- Eye movement desensitization and reprocessing (EMDR): EMDR therapy allows people with PTSD to process traumatic memories they may have been blocking. It engages a person’s eyes in a similar way to REM sleep, allowing a person to access traumatic memories in a way that encourages new connections and rapid processing.
- Medication: Certain antidepressants may help ease some of the symptoms of PTSD. Typically, medication is prescribed alongside other forms of treatment.
- Group therapy: Many people with PTSD find support through group therapy with individuals who have survived the same trauma.
- Animal assistance: A service animal, therapy animal, or emotional-support animal may help ease symptoms of PTSD.
Find a Therapist Who Treats PTSD Near You
Therapy is a great treatment option for PTSD. To find a trauma-informed therapist near you, click here. You can also search specifically for a counselor who specializes in EMDR therapy by clicking here.
If you are suffering from PTSD and currently in crisis, help is available now:
Yes. Anyone can be diagnosed with PTSD, even if they have never served in the military. People develop PTSD after experiencing a trauma, including but not limited to warfare.
No. ASD is a short-term response to trauma that lasts less than a month. Although some people with ASD can develop PTSD, many cases of ASD resolve on their own.
Yes, PTSD is a mental health disorder. Specifically, the DSM-5 classifies PTSD as a trauma and stressor-related disorder. This means that people with PTSD will likely not improve unless they seek professional treatment. The good news is that PTSD is treatable.
People with PTSD have triggers that cause them to experience overwhelming physical or emotional responses, such as rapid heartbeat, difficulty breathing, and flashbacks of the trauma itself. These triggers often include certain sights, smells, or sounds that remind the person of the traumatic event. A person’s triggers will depend on the trauma they experienced. For example, if you were seriously injured in a car accident, driving may trigger some PTSD symptoms.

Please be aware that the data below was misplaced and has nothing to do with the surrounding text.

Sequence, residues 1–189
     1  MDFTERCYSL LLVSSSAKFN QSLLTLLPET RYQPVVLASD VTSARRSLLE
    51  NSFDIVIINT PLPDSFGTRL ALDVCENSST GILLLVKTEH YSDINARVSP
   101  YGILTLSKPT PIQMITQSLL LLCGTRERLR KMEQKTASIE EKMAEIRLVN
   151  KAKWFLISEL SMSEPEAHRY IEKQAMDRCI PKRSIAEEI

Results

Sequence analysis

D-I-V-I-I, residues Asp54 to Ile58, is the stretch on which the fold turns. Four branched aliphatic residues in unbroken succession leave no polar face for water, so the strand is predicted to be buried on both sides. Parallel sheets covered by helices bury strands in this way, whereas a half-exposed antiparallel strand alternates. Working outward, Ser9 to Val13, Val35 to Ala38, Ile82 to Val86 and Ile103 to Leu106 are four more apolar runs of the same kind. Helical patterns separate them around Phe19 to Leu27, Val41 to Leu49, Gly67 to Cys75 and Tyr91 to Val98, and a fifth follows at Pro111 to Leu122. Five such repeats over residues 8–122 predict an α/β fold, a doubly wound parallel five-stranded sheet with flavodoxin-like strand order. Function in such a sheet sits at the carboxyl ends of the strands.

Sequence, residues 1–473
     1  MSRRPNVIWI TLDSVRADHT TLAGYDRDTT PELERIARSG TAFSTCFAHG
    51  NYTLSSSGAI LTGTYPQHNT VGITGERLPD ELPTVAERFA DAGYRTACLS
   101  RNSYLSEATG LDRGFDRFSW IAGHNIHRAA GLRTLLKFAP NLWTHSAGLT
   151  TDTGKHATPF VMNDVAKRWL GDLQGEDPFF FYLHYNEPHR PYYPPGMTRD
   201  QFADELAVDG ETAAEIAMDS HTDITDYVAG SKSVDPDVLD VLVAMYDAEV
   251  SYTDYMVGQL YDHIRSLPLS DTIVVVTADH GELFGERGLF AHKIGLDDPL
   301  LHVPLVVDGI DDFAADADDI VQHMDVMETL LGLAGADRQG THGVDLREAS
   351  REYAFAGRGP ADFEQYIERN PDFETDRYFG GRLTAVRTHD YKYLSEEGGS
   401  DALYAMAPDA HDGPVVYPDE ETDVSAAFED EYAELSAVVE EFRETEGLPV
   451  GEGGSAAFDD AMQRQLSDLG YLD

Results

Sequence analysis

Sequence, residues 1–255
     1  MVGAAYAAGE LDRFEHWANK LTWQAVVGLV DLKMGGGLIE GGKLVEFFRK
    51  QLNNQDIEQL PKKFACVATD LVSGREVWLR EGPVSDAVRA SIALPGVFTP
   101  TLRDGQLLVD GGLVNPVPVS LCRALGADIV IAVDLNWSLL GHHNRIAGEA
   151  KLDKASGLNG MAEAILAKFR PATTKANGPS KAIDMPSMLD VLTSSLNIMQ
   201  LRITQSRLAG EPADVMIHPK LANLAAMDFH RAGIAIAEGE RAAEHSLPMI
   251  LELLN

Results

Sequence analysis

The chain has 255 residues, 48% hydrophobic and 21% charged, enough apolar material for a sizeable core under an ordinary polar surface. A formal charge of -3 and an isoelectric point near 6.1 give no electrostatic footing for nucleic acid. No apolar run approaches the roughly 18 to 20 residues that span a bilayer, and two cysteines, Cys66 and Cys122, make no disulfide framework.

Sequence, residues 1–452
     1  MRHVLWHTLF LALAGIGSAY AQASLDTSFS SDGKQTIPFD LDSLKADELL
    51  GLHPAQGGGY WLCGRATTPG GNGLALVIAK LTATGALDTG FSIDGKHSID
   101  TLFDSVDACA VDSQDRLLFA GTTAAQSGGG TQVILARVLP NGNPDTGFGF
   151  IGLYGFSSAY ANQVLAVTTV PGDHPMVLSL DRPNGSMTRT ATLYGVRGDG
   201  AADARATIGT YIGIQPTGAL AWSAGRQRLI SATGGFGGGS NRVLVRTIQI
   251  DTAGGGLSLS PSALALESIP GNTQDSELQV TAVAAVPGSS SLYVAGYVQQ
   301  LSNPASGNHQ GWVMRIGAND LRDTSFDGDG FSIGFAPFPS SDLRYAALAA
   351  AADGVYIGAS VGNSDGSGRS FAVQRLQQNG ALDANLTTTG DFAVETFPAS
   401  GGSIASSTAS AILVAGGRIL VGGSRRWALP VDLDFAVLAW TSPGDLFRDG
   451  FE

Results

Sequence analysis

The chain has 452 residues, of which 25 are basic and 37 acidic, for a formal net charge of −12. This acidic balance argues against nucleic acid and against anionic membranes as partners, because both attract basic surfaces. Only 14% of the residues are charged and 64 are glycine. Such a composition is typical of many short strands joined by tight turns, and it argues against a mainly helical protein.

PTSD triggers do not have to last forever. Many people with PTSD learn how to overcome their triggers with professional treatment.
Trauma affects our cognition, which means that you may struggle with memory problems after going through a traumatic event. You may even block your memory of the trauma itself.
It’s okay if your memories of a traumatic event are fuzzy or unclear, or even if you don’t remember the trauma at all. A therapist can help you unlock those memories safely so you can process them and integrate them into your sense of self. EMDR therapy in particular is helpful in recovering memories after trauma.
The only way to be certain that you have PTSD is to receive a diagnosis from a mental health professional. So when should you seek professional help?
You can start going to therapy whenever you want for whatever reason. However, if you’re wondering if you have PTSD, it’s a good idea to seek treatment if you’re struggling with symptoms in the weeks or months after a traumatic event.
Keep in mind that multiple little “t” traumas over the course of a lifetime may result in PTSD, even if you don’t think you have experienced trauma. Also, some people block memories of their trauma, so you may not remember having gone through a trauma in the first place.
A good rule of thumb is to seek professional help simply if you want it. Instead of trying to determine if you meet a certain threshold of trauma or stress on your own, find a therapist who has the skills and experience to help you process your memories and emotions—no matter what diagnosis you may or may not receive.